Although prosthesis-bone micromotion is known to influence the stability of total hip replacement, no protocol exists to investigate resurfacing hip implants. An in-vitro protocol was developed to measure prosthesis-bone micromotions of resurfaced femurs. In order to assess the effect of all loading directions, the protocol included a variety of in-vitro loading scenarios covering the range of directions spanned by the hip resultant force in the most typical motor tasks. Gap-opening and shear-slippage micromotions were measured in the locations where they reach the maximum value. The applicability of the protocol was assessed on two commercial designs and different head sizes. Intra-specimen repeatability and inter-specimen reproducibility were excellent (comparable with the best protocols for cemented hip stems). Results showed that the protocol is accurate enough to detect prosthesis-bone micromotions of the order of a few microns. Statistically significant differences were observed in relation to the direction of the applied force. Using the whole range of hip loads enabled detection of maximum micromotions for any design (the peak value could be different for different loading directions). Application of the protocol during a test to failure indicated that the system could track micromotion up to the last instant prior to failure. The protocol proposed is thus completely validated and can be applied for preliminary screening of new epiphyseal designs.

In-vitro method for assessing femoral implant-bone micromotions in resurfacing hip implants under different loading conditions

CRISTOFOLINI, LUCA;VARINI, ELENA;VICECONTI, MARCO
2007

Abstract

Although prosthesis-bone micromotion is known to influence the stability of total hip replacement, no protocol exists to investigate resurfacing hip implants. An in-vitro protocol was developed to measure prosthesis-bone micromotions of resurfaced femurs. In order to assess the effect of all loading directions, the protocol included a variety of in-vitro loading scenarios covering the range of directions spanned by the hip resultant force in the most typical motor tasks. Gap-opening and shear-slippage micromotions were measured in the locations where they reach the maximum value. The applicability of the protocol was assessed on two commercial designs and different head sizes. Intra-specimen repeatability and inter-specimen reproducibility were excellent (comparable with the best protocols for cemented hip stems). Results showed that the protocol is accurate enough to detect prosthesis-bone micromotions of the order of a few microns. Statistically significant differences were observed in relation to the direction of the applied force. Using the whole range of hip loads enabled detection of maximum micromotions for any design (the peak value could be different for different loading directions). Application of the protocol during a test to failure indicated that the system could track micromotion up to the last instant prior to failure. The protocol proposed is thus completely validated and can be applied for preliminary screening of new epiphyseal designs.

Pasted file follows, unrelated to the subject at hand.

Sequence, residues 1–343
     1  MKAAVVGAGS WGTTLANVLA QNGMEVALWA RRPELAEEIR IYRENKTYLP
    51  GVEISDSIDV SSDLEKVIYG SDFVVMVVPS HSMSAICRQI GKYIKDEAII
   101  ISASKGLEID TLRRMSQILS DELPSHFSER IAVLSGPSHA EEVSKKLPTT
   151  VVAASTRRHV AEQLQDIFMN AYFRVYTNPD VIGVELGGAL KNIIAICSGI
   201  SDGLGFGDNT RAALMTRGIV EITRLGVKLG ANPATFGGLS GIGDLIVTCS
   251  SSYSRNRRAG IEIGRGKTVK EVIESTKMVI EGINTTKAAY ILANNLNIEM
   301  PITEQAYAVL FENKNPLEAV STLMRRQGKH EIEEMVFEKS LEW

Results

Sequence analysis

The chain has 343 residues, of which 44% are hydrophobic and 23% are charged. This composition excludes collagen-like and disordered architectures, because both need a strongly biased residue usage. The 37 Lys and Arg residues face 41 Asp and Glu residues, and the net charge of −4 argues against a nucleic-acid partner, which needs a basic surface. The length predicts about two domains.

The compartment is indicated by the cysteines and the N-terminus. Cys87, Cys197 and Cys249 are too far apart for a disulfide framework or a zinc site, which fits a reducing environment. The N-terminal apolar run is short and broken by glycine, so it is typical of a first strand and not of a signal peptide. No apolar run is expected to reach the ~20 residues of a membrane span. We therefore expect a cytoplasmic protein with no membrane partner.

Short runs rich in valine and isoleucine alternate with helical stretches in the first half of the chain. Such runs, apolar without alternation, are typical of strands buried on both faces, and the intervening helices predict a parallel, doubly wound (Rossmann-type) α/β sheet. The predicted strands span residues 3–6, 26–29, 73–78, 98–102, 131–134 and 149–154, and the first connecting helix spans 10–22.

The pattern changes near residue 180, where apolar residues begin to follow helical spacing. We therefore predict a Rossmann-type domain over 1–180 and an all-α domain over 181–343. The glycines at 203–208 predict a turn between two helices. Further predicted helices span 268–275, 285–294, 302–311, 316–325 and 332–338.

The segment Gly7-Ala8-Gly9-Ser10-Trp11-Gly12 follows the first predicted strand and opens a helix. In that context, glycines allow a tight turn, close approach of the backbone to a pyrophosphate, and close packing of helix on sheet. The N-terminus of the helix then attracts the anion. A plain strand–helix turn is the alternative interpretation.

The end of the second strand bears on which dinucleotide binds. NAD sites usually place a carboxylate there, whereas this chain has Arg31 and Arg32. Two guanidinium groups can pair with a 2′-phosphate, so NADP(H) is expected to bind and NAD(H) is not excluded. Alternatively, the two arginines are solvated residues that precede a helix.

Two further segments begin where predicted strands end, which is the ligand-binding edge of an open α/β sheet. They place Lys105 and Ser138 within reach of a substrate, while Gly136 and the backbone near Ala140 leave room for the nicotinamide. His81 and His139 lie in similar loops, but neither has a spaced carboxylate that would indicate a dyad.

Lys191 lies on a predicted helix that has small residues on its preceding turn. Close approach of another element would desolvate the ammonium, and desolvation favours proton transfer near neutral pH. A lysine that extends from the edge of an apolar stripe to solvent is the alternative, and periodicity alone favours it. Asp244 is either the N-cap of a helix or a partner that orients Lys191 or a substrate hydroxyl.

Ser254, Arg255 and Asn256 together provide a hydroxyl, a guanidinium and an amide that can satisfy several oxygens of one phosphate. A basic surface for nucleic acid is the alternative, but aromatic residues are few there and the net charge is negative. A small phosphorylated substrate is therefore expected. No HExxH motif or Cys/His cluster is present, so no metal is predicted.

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Utilizza questo identificativo per citare o creare un link a questo documento: http://hdl.handle.net/11585/52876
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